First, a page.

Bento Bento - 2 months ago 17
C Question

C/C++ convention for pointers and `const`

I have read this (Pasted below as well) on Wikipedia:


Following usual C convention for declarations, declaration follows use, and the * in a pointer is written on the pointer, indicating dereferencing. For example, in the declaration int *ptr, the dereferenced form *ptr is an int, while the reference form ptr is a pointer to an int. Thus const modifies the name to its right. The C++ convention is instead to associate the * with the type, as in int* ptr, and read the const as modifying the type to the left. int const * ptrToConst can thus be read as "*ptrToConst is a int const" (the value is constant), or "ptrToConst is a int const *" (the pointer is a pointer to a constant integer).


I really am not able to get a satisfying interpretation:


  • In which sense does it modify?

  • What is intended with name vs type (see the above link)?

  • And why should it be on the right side of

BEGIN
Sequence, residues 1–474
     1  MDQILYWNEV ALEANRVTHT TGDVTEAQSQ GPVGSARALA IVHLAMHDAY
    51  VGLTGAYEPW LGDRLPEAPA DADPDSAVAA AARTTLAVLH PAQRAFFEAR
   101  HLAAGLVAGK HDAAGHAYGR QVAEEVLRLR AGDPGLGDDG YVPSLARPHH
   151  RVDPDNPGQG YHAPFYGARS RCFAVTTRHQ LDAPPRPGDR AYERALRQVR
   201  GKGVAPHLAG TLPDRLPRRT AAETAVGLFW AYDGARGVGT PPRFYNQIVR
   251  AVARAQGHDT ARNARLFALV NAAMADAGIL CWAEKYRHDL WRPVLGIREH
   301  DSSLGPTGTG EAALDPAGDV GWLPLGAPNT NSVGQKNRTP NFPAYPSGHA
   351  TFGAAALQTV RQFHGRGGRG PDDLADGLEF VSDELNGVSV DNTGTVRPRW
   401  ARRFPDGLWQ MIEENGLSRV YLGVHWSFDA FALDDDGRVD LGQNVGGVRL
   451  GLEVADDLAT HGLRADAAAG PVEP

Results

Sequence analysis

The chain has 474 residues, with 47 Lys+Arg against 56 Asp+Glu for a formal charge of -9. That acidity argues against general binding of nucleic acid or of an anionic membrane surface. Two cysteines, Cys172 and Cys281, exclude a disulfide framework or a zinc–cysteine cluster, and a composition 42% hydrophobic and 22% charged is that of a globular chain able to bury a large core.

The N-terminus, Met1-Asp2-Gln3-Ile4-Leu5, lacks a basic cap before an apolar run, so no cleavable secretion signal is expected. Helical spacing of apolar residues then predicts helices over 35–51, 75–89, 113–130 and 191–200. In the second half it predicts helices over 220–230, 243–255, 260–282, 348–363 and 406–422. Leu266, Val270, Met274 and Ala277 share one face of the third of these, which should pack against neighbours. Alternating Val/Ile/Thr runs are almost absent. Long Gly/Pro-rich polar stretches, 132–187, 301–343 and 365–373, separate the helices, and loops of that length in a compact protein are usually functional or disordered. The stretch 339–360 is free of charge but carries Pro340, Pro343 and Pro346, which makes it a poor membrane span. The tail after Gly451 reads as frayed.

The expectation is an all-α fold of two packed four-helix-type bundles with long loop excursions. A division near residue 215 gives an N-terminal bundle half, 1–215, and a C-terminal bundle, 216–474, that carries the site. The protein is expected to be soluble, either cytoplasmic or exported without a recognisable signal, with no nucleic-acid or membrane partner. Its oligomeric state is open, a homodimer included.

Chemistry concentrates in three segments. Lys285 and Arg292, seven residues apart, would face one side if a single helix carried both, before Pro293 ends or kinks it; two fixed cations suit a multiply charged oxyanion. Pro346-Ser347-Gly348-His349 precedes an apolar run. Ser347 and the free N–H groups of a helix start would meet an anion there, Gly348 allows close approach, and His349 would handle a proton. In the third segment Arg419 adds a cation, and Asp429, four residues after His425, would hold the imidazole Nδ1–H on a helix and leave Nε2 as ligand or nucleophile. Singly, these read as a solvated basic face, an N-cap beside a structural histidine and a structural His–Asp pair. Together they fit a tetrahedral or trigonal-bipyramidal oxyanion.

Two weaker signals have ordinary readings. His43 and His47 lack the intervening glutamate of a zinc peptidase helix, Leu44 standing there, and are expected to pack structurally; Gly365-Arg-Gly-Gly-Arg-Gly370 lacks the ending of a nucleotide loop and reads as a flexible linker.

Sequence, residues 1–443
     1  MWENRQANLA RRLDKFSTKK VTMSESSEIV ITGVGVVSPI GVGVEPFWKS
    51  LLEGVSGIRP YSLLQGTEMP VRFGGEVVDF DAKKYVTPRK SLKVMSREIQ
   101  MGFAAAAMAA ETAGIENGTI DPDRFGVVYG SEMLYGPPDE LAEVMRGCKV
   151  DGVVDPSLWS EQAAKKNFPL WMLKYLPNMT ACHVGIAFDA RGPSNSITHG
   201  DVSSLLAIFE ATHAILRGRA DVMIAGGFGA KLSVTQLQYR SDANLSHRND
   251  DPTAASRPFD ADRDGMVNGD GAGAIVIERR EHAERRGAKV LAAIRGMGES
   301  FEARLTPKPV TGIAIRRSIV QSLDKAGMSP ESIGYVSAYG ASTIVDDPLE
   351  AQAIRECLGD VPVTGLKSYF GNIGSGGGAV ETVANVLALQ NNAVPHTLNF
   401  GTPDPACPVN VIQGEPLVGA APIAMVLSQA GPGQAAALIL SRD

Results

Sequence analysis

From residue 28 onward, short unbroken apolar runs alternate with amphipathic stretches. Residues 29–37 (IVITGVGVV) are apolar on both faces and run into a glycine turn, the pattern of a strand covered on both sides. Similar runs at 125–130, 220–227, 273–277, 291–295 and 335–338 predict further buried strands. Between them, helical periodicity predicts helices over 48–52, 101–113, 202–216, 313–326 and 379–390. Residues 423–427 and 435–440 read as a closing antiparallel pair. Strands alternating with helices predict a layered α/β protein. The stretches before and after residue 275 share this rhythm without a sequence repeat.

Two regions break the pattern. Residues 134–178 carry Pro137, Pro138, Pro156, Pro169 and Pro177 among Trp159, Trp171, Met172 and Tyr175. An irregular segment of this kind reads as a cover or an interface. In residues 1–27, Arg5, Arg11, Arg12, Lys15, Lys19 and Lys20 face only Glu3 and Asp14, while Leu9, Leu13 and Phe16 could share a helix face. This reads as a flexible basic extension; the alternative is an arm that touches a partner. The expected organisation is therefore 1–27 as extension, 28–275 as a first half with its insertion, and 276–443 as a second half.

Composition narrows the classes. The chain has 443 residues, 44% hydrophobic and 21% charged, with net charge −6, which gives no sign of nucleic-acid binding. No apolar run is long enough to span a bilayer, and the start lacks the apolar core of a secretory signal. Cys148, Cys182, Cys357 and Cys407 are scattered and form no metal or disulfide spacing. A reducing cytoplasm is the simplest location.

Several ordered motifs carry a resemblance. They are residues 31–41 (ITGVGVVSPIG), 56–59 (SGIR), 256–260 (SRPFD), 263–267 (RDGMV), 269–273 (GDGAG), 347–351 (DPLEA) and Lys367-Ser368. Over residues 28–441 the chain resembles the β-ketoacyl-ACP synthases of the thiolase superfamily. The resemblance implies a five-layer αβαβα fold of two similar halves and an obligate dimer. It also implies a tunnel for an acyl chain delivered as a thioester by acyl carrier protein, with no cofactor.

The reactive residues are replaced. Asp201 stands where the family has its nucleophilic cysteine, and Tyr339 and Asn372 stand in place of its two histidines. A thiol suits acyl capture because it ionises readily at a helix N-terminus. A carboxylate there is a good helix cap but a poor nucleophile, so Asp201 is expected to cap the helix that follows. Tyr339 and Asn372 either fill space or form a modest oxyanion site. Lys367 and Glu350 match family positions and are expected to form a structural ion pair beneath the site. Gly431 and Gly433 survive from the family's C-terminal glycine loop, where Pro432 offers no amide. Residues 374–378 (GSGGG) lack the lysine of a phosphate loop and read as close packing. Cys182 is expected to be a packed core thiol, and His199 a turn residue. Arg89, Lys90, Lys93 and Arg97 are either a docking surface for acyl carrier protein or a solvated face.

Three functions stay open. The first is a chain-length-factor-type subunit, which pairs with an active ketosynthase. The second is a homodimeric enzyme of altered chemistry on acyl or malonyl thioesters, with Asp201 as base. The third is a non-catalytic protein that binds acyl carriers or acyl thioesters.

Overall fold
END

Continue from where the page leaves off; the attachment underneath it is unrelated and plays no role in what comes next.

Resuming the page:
const
    ?


Answer

In which sense does it modify?

Modifies in the sense that it makes it constant, meaning it can't be modifed (assigned to, or passed to a function which might modify it).

What is intended with name vs type (see the above link)?

Name means the word written in the source code here, I think.

And why should it be on the right side of const?

"Modifies name to its right" means, by example:

const char * str, here const modifies char, in other words the characters are constant, you can't modify them. You can make str point to a new char, but you still can't modify it either (at least not through str). *str = 'a'; is compiler error, str = "foo"; is ok.

char * const str, here const modifies str, in other words the value of str can't be modified. It points to some char, and you can modify that char through str, but you can't make str to point to another char. *str = 'a'; is now ok, str = "foo"; is error.